After years of lobbying for tougher anti-piracy laws, the entertainment industry is finally gaining some ground in its war on illegal downloads. According to a new report published by Norwegian research body Ipsos MMI, almost 1.2 billion songs were copied without permission in Norway in 2008, but that figure had plummeted to 210 million – just 17.5 per cent of its level four years earlier.
Piracy of movies and TV shows has also reduced by around half, with 65 million film and 55 million TV shows illegally downloaded in 2012, compared to125 million and 135 million respectively in 2008.
Norway recently passed a new law aimed at reducing online piracy, but the report attributes the decline to the rise of legal alternatives, such as music streaming service Spotify and on-demand video service Netflix.
“When you have a good legitimate offer, the people will use it,” said Olav Torvund, former law professor at the University of Oslo.
“There is no excuse for illegal copying, but when you get an offer that does not cost too much and is easy to use, it is less interesting to download illegally.”
The statistics suggest that the need for tough anti-piracy laws – such as the controversial Digital Economy Act in the UK – is reducing, and that a more market-led approach may be the best way to solve the problem of illegal downloading.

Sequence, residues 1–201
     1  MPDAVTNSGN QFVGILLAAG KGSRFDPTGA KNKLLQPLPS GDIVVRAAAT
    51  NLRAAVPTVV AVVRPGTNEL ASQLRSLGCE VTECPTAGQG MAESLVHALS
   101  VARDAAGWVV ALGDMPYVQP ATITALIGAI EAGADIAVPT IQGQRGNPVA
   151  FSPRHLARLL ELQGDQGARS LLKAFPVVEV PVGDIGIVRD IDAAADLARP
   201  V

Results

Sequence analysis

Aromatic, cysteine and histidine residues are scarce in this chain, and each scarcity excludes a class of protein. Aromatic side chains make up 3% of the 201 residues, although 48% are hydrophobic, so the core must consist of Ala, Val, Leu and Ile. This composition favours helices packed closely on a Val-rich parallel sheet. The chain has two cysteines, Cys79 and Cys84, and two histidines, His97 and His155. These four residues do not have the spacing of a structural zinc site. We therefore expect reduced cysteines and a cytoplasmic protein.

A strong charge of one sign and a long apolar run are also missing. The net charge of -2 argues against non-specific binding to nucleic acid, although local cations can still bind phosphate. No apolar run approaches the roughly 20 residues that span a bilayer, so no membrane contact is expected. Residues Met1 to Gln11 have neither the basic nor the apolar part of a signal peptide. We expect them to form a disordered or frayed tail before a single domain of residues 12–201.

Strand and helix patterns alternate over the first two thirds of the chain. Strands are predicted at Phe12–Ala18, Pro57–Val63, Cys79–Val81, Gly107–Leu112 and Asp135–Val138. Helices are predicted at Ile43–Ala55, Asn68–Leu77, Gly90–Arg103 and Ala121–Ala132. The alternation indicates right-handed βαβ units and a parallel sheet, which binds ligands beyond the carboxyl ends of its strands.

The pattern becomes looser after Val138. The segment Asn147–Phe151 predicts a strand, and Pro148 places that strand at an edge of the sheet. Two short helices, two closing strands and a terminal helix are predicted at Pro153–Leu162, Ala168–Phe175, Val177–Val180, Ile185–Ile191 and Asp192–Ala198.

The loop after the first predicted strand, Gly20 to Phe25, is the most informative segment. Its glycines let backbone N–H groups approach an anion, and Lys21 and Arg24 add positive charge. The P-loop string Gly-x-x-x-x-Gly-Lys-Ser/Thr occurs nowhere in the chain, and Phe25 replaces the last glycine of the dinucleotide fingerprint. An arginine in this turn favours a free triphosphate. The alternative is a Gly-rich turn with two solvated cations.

Of those questioned in the survey, 47 percent said they use a streaming music service such as Spotify to listen to music, and just over half said that they pay for the premium option.
However, the UK government is currently still pressing ahead with its Digital Economy Act, which was rushed through Parliament in the ‘wash-up’ before the last election in 2010.
The Act includes a ‘three strikes’ policy for illegal downloaders, and requires internet service providers (ISPs) to send letters to customers, informing them when their account has been connected to reports of suspected online copyright infringement.
If a customer receives three letters in a year, anonymous information may be provided to copyright owners, showing them which infringement reports are linked to that customer’s account. The copyright owner can then seek to take legal action for infringement under the Copyright Designs and Patent Act 1988.